Often, PR is about driving consensus. Other times, it’s definitely not. Sometimes controversial issues are controversial by design. You want a “rational discussion” on climate change? So does ExxonMobil. How else to ensure that everyone reading, watching, etc., this rational discourse understands first and foremost that there is much to debate and, therefore, the best course of action is to do nothing.
If you have not, you really must take the time to read Naomi Oreskes and Erik Conway’s excellent book, Merchants of Doubt. It does a first rate job of detailing the parallels in strategy, tactics, language, funding, organizations and even individuals between the efforts of tobacco companies to obfuscate the link between smoking tobacco and cancer and the efforts of certain industries to promote doubt about human-caused climate change.
Big Tobacco was never interested in proving that smoking cigarettes wasn’t addictive or didn’t cause cancer. Yes, they made statements to that effect, issued studies and paid for “science” on these topics, but the goal never was to “prove” anything. The goal was to provide another “side” to the story. Providing a veneer of credibility for that other side by funding studies, scientists and other “experts” fed an ongoing debate which, in turn, justified holding off on doing, well, anything. As the debate churned on, the cigarettes churned out and the toll in health and lives added up. Funding the ongoing rational debate was just a cost of doing business.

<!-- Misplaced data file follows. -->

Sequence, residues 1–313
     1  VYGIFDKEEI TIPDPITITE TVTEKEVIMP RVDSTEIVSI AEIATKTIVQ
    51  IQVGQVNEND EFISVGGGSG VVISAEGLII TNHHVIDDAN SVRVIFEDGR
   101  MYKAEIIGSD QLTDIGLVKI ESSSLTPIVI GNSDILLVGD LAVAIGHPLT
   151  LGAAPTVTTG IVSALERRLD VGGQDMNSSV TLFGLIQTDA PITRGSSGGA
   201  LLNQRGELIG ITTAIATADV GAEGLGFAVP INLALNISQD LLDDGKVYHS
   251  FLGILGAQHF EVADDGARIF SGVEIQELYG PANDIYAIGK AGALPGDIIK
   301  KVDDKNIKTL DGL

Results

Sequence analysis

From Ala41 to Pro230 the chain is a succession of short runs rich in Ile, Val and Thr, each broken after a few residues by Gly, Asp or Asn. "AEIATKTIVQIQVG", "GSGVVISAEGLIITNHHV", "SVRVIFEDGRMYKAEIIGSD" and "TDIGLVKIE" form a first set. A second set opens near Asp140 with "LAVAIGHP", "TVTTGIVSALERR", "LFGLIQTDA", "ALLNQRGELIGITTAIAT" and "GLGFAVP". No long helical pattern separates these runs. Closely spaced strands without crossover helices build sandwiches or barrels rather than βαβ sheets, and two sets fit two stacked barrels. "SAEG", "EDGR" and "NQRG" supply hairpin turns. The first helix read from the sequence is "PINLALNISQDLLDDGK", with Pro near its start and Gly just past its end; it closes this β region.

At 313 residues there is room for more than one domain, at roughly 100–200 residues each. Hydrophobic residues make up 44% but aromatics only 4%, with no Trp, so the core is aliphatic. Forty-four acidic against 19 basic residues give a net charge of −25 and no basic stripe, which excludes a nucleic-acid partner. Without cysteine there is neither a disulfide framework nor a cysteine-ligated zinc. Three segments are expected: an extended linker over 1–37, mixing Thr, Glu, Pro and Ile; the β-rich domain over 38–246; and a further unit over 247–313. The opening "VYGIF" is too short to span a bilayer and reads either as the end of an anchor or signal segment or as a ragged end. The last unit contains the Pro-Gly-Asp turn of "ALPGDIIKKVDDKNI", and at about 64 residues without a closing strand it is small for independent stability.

Today, the same tactics that kept Big Tobacco in escalating quarterly profits for decades after serious medical concerns were first expressed have been adopted by industries with a lot to lose if an enlightened public were to rationally engage with the well documented science behind anthropogenic global warming. And those tactics are likely to be just as successful.
Why? Because people typically respond to uncertainty with inaction. Why upend the entire economy and Our Way of Life if the science isn’t sound or settled? Better to do nothing, than make the wrong decision. Want to paralyze a population? Gin up a rational public debate.
The experts involved in studying climate change believe in the clarifying power of rational debate and the media love to cover a debate (seriously, how many Republican primary debates are we up to now?). Both likely see this process as the best – and necessary – way to get at the truth of the matter. The parties driving this process, however, aren’t concerned with getting at the truth of the matter.
But by all means, insist on a rational debate to hear “both” sides of the climate change issue. ExxonMobil would appreciate it.